Reduced Loss with Less Labour Inputs
In most farms in the country, the loss of grain in the post-harvest period accounts for more than 15 percent of total crop production on average. Due to a lack of proper farming machinery, farmers cut crops by hand using a sickle and pile them in stacks. Limited transportation capacity means that the stacks remain in the field for days or even weeks, waiting to be transferred to the threshing centres. During that period, the crops absorb moisture and need to be dried before they are milled and stored for consumption.
- Applying proper harvesting practices and making wise choices for investment
- Reduced grain loss results in an increased yield
Natural drying of grain is a simple process of laying them out on a concrete floor for wind and sunlight, but few farms have enough space for this. It is more common for farmers to carry the threshed grains to the nearest paved areas, which are often roads or driveways one or two kilometres away, and take them back for storage. In order to dry tens of thousand tonnes of grain that a farm produces, farmers will have to make countless trips to the nearest pavement, carrying the grains either in an ox cart, wheelbarrows or, as is often the case, on their backs. Unexpected rainfall during this season can compound their workload.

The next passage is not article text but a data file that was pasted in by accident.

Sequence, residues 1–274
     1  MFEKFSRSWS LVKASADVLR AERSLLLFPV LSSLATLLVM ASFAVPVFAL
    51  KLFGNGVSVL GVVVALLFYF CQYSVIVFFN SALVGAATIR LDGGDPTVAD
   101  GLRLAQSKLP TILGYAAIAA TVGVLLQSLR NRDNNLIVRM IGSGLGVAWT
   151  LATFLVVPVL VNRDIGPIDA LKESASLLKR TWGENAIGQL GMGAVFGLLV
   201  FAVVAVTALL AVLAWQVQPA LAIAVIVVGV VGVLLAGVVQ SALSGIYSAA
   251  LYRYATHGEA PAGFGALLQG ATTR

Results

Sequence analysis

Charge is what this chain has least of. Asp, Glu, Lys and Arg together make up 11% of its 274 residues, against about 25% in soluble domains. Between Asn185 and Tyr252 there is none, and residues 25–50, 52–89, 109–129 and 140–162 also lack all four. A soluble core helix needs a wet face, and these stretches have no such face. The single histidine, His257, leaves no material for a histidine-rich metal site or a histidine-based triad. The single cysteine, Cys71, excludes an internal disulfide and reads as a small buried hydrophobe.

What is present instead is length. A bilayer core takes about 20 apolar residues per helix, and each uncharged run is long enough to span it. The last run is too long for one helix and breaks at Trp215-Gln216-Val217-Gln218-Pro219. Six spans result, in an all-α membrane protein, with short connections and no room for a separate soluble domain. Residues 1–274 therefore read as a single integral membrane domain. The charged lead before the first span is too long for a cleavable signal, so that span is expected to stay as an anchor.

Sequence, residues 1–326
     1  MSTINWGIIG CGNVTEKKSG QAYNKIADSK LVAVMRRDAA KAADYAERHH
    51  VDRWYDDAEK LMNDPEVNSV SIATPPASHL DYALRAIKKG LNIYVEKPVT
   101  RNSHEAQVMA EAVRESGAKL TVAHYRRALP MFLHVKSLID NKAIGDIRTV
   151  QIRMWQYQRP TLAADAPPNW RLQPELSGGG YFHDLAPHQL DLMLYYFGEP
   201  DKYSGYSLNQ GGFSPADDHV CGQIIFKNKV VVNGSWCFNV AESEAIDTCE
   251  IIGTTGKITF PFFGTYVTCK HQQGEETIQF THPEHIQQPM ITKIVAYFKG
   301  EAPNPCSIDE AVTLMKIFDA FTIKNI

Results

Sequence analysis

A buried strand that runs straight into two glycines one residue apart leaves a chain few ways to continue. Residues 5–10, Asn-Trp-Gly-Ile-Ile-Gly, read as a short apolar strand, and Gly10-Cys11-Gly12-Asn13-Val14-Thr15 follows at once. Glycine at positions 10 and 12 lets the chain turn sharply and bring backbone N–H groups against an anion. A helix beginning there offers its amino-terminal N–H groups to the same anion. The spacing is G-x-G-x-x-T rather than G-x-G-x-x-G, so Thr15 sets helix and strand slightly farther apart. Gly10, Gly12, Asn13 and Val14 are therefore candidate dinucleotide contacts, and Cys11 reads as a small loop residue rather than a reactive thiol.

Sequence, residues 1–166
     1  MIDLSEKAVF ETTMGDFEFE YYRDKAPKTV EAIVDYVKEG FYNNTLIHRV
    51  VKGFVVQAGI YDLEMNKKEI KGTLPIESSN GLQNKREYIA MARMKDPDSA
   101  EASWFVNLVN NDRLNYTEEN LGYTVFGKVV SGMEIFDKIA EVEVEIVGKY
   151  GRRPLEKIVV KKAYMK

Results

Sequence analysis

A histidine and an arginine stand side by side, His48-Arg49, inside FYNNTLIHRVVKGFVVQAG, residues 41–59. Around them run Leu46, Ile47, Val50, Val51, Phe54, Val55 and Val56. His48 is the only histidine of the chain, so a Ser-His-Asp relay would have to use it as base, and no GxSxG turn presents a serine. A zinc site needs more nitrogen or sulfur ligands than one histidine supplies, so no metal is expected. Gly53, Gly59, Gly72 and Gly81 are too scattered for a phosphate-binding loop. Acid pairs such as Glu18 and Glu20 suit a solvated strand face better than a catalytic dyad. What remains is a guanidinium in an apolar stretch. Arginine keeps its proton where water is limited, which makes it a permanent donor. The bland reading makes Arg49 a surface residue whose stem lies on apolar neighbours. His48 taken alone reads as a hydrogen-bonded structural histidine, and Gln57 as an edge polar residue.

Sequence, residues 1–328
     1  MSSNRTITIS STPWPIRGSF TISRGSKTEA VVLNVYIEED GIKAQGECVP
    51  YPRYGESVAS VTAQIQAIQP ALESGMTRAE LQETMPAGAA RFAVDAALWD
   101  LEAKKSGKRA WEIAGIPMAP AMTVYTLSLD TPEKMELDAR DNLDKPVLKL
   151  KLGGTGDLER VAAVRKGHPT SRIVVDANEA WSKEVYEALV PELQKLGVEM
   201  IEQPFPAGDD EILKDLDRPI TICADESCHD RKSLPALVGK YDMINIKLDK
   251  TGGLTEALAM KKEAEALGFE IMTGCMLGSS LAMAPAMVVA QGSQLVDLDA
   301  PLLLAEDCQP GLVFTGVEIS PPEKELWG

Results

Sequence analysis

The project chose one work team from each of the six target farms for the demonstration project and carried out training for members of the work teams in order to raise awareness of the causes of post-harvest loss and best practices to minimise the loss and reduce their workload. At the same time, the project constructed concrete flooring measuring 333 square metres with rain shield for each work team and provided simple, yet efficient, equipment for harvesting, such as mobile threshers and two-wheel mini-tractors for transportation.
As a result, farmers in these work teams are harvesting and threshing most of the crops directly from the field and taking them to the nearby sheltered drying centres. They avoid weeks of unnecessary labour to dry the grain and have reduced grain loss by about 50 percent, according to recent estimates. Reduction of grain loss means an increased yield for the farmers, which ultimately increases revenue for farms.
Having seen the positive results, other work teams and farms in the region are now becoming aware of the advantages of applying proper harvesting practices and making a wise choice for investing their revenue.